Stereotactic and open biopsy: It is performed in patients in whom surgery is not safe due to the tumour location. It may be in an inaccessible region or a region that carries a high-risk damage to critical nervous tissue. A stereotactic biopsy using a CT or MRI is a less invasive way to obtain the tumour sample and an open biopsy is a form of surgery that uses local or general anaesthesia to remove the tissue required for laboratory diagnosis of cancer.
Stereotactic Body Radiation Therapy - SBRT
Source: Lee Health
Stereotactic Radiosurgery - Gamma Knife
Source: MD Anderson Cancer Center
Radiotherapy: Radiation uses high-energy beams to kill tumour cells and is administered from a machine outside the body (or external beam radiation). Post-operative radiotherapy is a standard of care for low-grade gliomas and is administered over a number of sessions extending over a couple of weeks. Post-operative radiotherapy is especially considered in the presence of factors which suggest a higher likelihood of tumour recurrence such as tumours larger than 5 cm, patient age over 40 years, depending on the extent and tumour cell characteristic etc. This is also known as Whole brain radiotherapy and affects both the tumour cells and normal nerve cells. Stereotactic radiation therapy is a minimally invasive approach to the treatment of brain tumours. This form of therapy uses thin beams of radiation to destroy only the tumour cells. It requires specialised imaging techniques and computerized planning to precisely focus a high dose of radiation on the brain tumour, while sparing normal tissue. It is associated with lesser side effects than ‘whole brain radiotherapy’. Side effects: Common side effects include fatigue, headaches, scalp irritation, seizures, nausea, and drowsiness.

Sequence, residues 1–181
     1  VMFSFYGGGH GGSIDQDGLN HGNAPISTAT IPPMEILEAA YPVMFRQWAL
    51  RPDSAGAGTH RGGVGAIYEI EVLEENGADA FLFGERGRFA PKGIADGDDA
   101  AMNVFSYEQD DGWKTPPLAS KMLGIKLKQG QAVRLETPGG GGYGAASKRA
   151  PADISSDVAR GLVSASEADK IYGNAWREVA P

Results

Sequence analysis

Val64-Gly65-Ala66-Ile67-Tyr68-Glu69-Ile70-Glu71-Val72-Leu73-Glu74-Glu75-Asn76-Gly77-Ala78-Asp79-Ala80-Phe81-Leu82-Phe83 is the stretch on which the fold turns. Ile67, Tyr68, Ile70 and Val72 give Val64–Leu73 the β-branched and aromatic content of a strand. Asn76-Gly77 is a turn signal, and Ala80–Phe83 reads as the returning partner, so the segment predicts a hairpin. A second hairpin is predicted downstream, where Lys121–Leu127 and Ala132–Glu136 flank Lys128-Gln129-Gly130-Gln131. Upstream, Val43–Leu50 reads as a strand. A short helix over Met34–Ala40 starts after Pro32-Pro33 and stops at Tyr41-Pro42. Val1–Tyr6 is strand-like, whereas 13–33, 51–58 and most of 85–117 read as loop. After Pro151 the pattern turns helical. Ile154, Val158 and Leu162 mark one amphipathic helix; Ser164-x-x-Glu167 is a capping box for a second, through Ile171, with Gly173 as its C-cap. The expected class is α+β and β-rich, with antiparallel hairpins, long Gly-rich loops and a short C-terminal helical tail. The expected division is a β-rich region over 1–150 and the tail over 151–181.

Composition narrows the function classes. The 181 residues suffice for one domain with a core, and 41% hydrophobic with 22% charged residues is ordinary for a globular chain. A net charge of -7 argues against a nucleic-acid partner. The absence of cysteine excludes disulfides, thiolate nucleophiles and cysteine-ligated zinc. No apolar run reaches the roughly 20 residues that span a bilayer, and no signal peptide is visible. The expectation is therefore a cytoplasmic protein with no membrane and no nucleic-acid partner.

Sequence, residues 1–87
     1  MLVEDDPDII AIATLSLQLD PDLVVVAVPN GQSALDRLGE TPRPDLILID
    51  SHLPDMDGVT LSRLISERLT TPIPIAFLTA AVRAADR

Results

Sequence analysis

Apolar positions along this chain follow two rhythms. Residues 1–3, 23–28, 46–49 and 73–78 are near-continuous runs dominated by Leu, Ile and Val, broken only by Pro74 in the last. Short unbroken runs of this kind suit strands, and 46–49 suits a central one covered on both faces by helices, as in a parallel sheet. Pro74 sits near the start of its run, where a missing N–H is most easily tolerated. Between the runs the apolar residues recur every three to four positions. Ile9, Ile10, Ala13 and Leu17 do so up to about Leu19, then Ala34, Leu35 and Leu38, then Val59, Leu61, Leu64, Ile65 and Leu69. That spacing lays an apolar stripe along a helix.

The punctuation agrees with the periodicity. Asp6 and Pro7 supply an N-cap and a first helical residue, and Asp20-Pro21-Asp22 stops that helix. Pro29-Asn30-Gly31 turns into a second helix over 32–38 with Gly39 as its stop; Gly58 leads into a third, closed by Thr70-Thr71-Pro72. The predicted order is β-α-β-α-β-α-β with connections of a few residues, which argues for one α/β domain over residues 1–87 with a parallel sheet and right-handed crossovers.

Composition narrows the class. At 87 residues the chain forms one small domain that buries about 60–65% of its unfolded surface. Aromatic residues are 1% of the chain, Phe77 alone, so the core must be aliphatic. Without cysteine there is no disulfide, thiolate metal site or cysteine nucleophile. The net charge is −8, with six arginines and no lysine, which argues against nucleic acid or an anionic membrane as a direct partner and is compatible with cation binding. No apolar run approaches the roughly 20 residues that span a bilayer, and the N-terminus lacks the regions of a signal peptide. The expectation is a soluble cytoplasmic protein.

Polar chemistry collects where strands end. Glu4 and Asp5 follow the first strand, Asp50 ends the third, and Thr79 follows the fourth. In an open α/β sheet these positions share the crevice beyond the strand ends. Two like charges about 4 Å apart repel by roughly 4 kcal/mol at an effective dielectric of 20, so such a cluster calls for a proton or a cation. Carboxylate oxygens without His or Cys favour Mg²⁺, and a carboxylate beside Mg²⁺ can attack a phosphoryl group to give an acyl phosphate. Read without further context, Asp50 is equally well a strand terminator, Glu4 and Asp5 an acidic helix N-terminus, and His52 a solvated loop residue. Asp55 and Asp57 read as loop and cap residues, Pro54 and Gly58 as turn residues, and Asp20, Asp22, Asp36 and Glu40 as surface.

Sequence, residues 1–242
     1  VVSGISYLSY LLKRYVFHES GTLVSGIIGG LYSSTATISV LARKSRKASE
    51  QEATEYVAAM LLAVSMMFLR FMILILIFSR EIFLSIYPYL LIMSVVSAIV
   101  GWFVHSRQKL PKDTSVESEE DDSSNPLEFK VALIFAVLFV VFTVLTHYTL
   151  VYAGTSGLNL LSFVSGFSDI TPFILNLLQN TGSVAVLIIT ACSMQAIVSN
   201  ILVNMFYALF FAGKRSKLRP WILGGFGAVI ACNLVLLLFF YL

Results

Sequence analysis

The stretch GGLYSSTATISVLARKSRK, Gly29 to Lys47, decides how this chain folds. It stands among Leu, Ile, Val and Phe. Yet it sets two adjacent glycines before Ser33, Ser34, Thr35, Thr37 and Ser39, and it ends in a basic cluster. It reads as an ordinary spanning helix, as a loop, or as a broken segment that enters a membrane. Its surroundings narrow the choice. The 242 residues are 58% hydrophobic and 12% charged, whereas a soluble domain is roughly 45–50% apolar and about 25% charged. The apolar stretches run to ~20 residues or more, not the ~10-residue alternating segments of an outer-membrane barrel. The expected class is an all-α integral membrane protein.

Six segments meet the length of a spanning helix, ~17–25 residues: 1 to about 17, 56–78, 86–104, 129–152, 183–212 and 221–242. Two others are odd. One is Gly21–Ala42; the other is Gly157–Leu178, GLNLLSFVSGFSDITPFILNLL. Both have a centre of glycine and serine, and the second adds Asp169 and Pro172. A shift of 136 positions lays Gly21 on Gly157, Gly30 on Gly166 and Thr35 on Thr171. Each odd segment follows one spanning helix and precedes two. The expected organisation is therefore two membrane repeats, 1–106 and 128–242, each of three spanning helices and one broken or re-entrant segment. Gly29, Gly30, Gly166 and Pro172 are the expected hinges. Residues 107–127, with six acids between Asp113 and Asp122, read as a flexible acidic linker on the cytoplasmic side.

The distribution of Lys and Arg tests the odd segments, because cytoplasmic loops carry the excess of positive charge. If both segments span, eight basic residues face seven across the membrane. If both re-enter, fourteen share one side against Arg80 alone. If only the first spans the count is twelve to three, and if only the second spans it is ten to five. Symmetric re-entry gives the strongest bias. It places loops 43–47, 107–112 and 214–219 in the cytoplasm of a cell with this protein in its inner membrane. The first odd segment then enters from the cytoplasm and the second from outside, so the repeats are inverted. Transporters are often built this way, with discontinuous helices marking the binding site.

What is Cancer Radiotherapy
Source: Cancer Research UK
Chemotherapy: Chemotherapy uses drugs to kill tumour cells that may be taken orally or injected into a vein. It is commonly used in combination with radiation therapy to treat gliomas. Side effects: The side effects depend on the type and dose of drugs received. Common side effects include nausea and vomiting, headache, hair loss, fever, and weakness. Some side effects may be managed with medication.
Chemotherapy and Primary Brain Tumors
Source: John Hopkins Medicine
What is Chemotherapy?
Source: Covenant Health
Targeted drug therapy: Targeted drug treatments block specific pathways in cancer cells leading to their death. Targeted drug therapy stops the formation of new blood vessels, cutting off blood supply to a tumour and leading to the death of the tumour cells. The medical oncologist will advise the patient regarding the best agent depending on specific patient and tumour characteristics. Alternating Electric Field Therapy: This therapy is sometimes used for brain and spinal cord tumours. Research has suggested that exposing some types of tumour cells to alternating electric fields can interfere with the cells’ ability to grow and spread. These fields are created by a portable device. Side effects: Side effects of the device tend to be minor, and can include skin irritation at the electrode sites, trouble sleeping, mood changes, and a slightly increased risk of headaches and seizures.
Sources: Mayo Clinic; European Society of Medical Oncology (ESMO); Texas Oncology; American Cancer Society
Alternating electric field therapy for Brain Tumors